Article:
This is a charming, lovely, beautiful, even adorable recording just as charming and adorable as Yo-Yo Ma's previous "Simply Baroque" recording. Suffice it to say, if you liked the first you'll love the second. It offers more beautiful tunes by Bach and gorgeous concertos by Boccherini performed with exquisite taste and musicianship by the world's best-loved cellist, accompanied by Ton Koopman, one the world's greatest Bach interpreters, and recorded in warm, atmospheric sound.
Performing on the Baroque cello (outfitted with gut strings and without an endpin, making it so that the performer has to clutch the instrument between his/her legs), Yo-Yo Ma delivers the warm, listener-friendly classical music that he has become known for. Supported by conductor Ton Koopman's period Amsterdam Baroque Orchestra, Ma presents a wholly unusual interpretation of some of Bach's better known Baroque works, as well as some lesser known pieces by Italian composer Luigi Boccherini.
Previn's Four Songs, using poems by Toni Morrison, continues the US song tradition established by Copland. They may not be strikingly original in style (they owe a debt to 12 Poems of Emily Dickinson), but they are very attractive, idiomatically American and movingly evocative of their texts. The set was written for Sylvia McNair, with a plangent cello obbligato for Yo-Yo Ma. McNair is outstanding here, her voice radiant but warm, soaring but secure.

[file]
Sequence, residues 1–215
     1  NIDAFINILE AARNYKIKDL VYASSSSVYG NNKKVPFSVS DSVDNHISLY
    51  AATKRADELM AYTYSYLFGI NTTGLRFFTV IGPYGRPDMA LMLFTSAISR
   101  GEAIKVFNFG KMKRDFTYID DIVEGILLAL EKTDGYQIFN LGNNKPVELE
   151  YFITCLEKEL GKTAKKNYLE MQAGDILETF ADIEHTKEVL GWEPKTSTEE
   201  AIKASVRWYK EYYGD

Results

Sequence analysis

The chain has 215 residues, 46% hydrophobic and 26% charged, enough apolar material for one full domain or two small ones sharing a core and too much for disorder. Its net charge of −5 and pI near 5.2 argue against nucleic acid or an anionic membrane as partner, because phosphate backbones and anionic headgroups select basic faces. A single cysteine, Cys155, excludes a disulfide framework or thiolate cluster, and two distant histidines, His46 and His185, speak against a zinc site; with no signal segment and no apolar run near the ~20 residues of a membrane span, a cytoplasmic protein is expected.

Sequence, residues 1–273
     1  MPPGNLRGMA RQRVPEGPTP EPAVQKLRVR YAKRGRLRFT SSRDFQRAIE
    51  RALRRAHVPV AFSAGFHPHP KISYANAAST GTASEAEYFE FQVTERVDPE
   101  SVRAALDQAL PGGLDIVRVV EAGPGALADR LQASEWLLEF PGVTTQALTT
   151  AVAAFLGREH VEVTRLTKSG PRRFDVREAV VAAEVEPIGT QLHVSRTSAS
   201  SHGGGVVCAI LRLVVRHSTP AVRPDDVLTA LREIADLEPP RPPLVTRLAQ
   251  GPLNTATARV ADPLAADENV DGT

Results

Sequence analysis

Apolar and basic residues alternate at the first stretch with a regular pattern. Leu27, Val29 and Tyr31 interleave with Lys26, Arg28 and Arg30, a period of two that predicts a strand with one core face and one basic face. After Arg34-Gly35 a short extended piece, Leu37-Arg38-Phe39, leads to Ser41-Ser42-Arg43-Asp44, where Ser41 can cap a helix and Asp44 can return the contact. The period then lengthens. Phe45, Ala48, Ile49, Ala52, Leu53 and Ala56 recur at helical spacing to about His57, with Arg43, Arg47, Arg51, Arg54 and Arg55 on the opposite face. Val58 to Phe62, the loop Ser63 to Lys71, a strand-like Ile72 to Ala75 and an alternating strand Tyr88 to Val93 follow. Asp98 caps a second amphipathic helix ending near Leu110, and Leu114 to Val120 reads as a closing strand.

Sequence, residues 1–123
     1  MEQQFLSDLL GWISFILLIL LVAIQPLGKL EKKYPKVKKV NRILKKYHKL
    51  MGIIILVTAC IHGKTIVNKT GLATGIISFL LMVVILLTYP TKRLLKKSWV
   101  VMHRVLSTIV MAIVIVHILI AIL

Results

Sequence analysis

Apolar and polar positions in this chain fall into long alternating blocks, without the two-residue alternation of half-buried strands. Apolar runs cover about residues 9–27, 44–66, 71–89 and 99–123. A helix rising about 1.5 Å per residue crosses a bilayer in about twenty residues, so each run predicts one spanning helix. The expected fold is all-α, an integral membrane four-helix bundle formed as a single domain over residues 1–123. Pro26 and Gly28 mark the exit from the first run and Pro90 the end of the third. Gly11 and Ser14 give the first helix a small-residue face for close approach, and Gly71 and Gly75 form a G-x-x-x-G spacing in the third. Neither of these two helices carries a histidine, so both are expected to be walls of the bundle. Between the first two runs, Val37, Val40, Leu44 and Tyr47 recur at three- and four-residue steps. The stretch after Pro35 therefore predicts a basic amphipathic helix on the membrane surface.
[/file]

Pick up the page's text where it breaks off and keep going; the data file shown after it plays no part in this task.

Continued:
The follow-up album to the highly successful Appalachia Waltz collaboration, Appalachian Journey continues the combination of classical music with Appalachian, bluegrass, and American roots music in general. Yo-Yo Ma, alongside violinist Mark O'Connor and bass player Edgar Meyer, runs through a number of original compositions fusing the traditions, as well as a few old standards from the genre repertoire.
This is a beautiful performance of the Suites, certainly one of my favorites. Ma tunes his strings down a half step, giving his cello a warmer, richer tone than his 80s recording (pink cover). All in all, the differences between the two recordings are startling, and it is very interesting to compare the two. I especially like the more dancelike movements (examples: Suite 1 - Courante, Suite 2 - Minuets), and don't believe that anyone else plays them with as much elegance, which I think is the greatest attribute of Yo-Yo Ma's recordings.
This is a magnificent compliation even if it's only "snippets" - but what beautiful snippets they are - especially the "Romance in F minor for Violin and Orchestra" with Itzah Perlman, "Silent Woods", "Humoresque in E-flat minor with the marvelous Rudolf Firkusny (recorded not long before he died), but the frosting on the cake is Frederica von Stade's melting aria "O Moon High up in the Deep Sky" from Rusalka. (It reminded me a little of "Ebben? Ne andro lontana" Renee Fleming: By Request that gained so much traction back in the 80s as part of the soundtrack of "Diva" with Wilhelmenia Fernandez). .